For years, Gallup’s Q12 has been the go-to question set for organisations that want to measure how engaged their people are. But because those questions have been around for such a long time—and things have changed a lot in that time—they’re a little outdated now.
But by understanding the purpose of each of Gallup’s Q12 and sprinkling in a touch of fresh thinking, we’ve come up with 12 new and improved questions for the modern-day workplace. Oh, and we’re sharing them with you for free!
Behold… Hive’s Q12!
I know what is expected of me at work
I have a clear understanding of what is expected of me in my role
The science behind it: The boffins behind Gallup’s Q12 have identified that the most engaging workplaces have a defined set of goals and outcomes (sometimes people are even given the freedom to set their own goals). So, the key is to paint a clear picture of what good looks like and devise a simple way of measuring individual performance against what is expected.
Room for improvement: We all have a tendency to respond positively to questions if the tone makes it sound like we’re being tested (which Gallup’s does). It’s better to word the question in such a way that the respondent doesn’t feel the need to defend themselves; after all, it’s an examination of the organisation, not its people. Also, we might ‘think’ we know what’s expected of us, but unless it’s been clearly explained, we could be mistaken.
I have the materials and equipment I need to do my job right
I believe I have everything I need to do my job to the best of my ability
The science behind it: According to Gallup, great managers identify what their people need, and empower them to procure anything they don’t already have.
Room for improvement: We all need so much more than just materials and equipment to do our jobs well: support, confidence, information, resources… so, why specify only the tangible elements?
At work, I have the opportunity to do what I do best every day
I am able to apply my strengths and skills in the work I do
The science behind it: This question reminds me of Drive by Daniel H. Pink; ‘mastery’ can be the key to engagement. The opportunity to get even better at something you’re already good at and put that into practice really ticks our fulfilment boxes. And Gallup reckons that excellent performance is found when people are in job roles that match what they naturally do best.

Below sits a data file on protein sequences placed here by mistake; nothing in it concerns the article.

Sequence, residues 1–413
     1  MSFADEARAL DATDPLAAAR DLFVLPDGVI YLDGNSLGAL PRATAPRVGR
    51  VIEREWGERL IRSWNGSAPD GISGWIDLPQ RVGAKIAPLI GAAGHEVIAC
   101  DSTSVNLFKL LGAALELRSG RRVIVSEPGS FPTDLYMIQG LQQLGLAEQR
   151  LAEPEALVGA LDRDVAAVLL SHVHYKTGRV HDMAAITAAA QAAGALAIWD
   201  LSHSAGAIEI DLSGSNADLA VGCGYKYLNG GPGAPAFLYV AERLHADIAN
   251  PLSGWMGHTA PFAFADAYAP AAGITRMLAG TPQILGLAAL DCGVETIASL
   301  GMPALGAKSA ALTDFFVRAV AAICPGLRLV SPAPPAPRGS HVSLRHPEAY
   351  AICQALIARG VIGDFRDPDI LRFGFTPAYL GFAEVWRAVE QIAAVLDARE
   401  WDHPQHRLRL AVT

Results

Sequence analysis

Room for improvement: It’s not always possible or reasonable to expect to be able to do what you do best every day (depending on what that may be). But there’s always a way to make use of your transferable skills to help you complete other tasks—if you have the freedom and opportunity to do so.
In the last seven days, I have received recognition or praise for doing good work
People are well recognised for their contributions here
The science behind it: It’s elementary, dear Watson; people who don’t feel adequately recognised are twice as likely to look to quit in the next year (Gallup).
Room for improvement: Does everyone need to have their efforts recognised at least once a week to be engaged? No. The required frequency is dependent on the individual, with some needing more than others. The wording of the question is also quite leading, so it’d be better to soften it a bit.
My supervisor, or someone at work, seems to care about me as a person
My manager takes the time to get to know me as a person
The science behind it: “People leave managers, not companies.” OK, that’s true… sometimes. The quality of your relationship with your manager has a big impact on your engagement—especially if that manager guides you and helps you develop.
Room for improvement: Is seeming to care enough? And surely it’s important that it’s your manager, not just any Tom, Dick or Harry, who cares about you.
There is someone at work who encourages my development
My manager is supportive of my personal development goals and aspirations
The science behind it: We’re human. We like to learn, grow and develop—all things that can be accelerated by working with someone more accomplished and experienced.